May 23, 2013

Posterior tibial tendon dysfunction


Posterior tibial tendon dysfunction is a common problem because we use our feet continuously. It is a common example of an overuse injury. One of the most frequently affected tendons is the posterior tibial tendon, a structure that is normally hard at work, helping to hold the arch up and prevent over-pronation or rolling in of the foot.

Posterior tibial tendon dysfunction actually runs the gamut from initial strain and minor degeneration of the posterior tibial tendon to frank rupture. It is now known that the problem is caused by a degenerative tendinosis rather than inflammation. Inflammation when it does occur is secondary.

The symptoms of tendonitis of the posterior tibial tendon include pain in the instep area of the foot and swelling along the course of the tendon. The patient may also experience pain and swelling right behind the inner ankle bone. There is pain upon palpation along the course of the posterior tibial tendon behind the inner ankle. There may also be burning, shooting, tingling, stabbing pain, because the nerve is inflamed inside the tarsal tunnel. Patients experience significant pain when walking, steadily worsening toward the end of the day. There is significant pain when the patient inverts his/her foot, as well as pain upon passive stretching of the posterior tibial tendon, and on eversion or flattening of the foot. In some cases the tendon may actually rupture or tear, due to weakening of the tendon by the inflammatory process. Rupture of the tendon leads to a fairly pronounced flatfoot deformity that is easily recognizable.

When the foot is acutely painful, rest, ice, nonsteroidal anti-inflammatory drugs like Advil are recommended, and a compressive dressing may be applied.

Cast immobilization holding the foot in slight inversion and plantar flexion for 4-6 weeks may be started. After the acute period, a custom orthosis or brace may be fitted. An air stirrup brace or lace-up ankle support is beneficial during the rehabilitation period. Your foot doctor may prescribe special shoes with external additions to the medial side (.i.e., medial heel wedge), to support the foot and prevent arch collapse. Your podiatrist may prescribe a custom foot orthotic based on the flexibility of the foot.  If the foot becomes both flat and rigid, an Ankle-foot orthosis may become necessary.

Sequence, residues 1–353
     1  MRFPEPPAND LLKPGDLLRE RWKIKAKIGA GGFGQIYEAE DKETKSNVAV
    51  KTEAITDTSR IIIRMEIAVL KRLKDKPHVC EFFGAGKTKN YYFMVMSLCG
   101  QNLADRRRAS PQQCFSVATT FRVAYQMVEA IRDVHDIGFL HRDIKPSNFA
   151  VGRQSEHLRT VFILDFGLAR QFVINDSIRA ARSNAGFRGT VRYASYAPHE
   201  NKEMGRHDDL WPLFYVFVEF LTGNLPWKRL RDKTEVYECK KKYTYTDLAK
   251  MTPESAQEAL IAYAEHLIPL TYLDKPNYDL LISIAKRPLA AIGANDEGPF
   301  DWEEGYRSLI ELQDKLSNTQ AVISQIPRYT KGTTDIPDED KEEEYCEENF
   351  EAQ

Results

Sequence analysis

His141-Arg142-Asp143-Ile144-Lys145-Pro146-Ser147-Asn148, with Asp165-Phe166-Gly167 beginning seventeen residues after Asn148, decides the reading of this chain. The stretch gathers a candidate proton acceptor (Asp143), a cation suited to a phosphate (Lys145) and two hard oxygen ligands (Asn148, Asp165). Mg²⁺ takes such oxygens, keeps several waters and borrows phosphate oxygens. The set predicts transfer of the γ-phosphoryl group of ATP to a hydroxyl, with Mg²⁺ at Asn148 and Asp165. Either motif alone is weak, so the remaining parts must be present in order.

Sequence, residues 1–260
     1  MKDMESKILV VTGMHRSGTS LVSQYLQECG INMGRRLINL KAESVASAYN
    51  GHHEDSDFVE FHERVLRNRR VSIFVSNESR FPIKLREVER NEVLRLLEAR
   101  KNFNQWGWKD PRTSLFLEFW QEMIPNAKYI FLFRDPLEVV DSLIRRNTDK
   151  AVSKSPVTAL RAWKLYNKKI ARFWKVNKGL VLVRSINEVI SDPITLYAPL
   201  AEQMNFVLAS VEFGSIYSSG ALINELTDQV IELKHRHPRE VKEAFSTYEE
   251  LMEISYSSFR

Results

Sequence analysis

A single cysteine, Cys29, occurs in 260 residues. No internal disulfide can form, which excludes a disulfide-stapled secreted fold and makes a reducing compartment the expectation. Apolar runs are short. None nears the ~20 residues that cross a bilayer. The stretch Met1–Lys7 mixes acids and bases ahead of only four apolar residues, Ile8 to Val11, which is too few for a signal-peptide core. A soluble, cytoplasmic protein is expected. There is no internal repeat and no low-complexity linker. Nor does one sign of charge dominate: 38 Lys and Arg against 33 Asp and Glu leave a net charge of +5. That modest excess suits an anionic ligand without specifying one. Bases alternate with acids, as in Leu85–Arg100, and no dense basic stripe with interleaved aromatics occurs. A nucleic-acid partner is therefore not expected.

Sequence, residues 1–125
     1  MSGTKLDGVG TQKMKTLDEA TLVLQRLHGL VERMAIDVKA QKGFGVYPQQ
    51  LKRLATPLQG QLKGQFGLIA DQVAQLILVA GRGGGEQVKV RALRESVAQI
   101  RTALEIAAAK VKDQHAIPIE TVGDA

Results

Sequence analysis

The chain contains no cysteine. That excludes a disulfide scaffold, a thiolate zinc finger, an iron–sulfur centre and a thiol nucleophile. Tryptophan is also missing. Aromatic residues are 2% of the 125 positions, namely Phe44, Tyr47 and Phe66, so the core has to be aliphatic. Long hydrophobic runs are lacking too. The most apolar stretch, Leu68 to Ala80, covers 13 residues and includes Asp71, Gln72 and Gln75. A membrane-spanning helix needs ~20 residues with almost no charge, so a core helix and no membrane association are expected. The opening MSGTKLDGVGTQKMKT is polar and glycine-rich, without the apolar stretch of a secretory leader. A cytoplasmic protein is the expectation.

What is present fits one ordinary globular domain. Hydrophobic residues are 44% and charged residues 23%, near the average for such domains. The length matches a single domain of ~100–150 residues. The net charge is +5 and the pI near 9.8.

If the condition becomes severe and chronic, your podiatrist may suggest a referral for surgical intervention is required, which consists of tendon transfers and osteotomies to improve function, and parts of the thickened tendon may be removed, to decrease symptoms.

If the tendon has ruptured, surgery may be required to either repair the ruptured tendon – or to replace it with a tendon graft. Most tears will not simply be repairable, unless they only recently occurred. Usually, another tendon in the foot, such as the tendon that flexes the four lesser toes (bends them down) is used as a tendon graft to replace the function of the posterior tibial tendon.

Finally, in cases which have been neglected, and a fixed flatfoot deformity is present, a fusion (or arthrodesis) of the foot may be required. A fusion is an operation where a joint between two bones is removed and the two bones on either side of the joint are allowed to grow together – or fuse. This type of operation is used to stop pain from joints that are worn out and can be used to realign the bones when the normal mechanisms for maintaining normal alignment are deficient – such as when the tendons and ligaments no longer work properly. Usually, several joints must be fused to control the flatfoot deformity occurring after posterior tibial tendon rupture.


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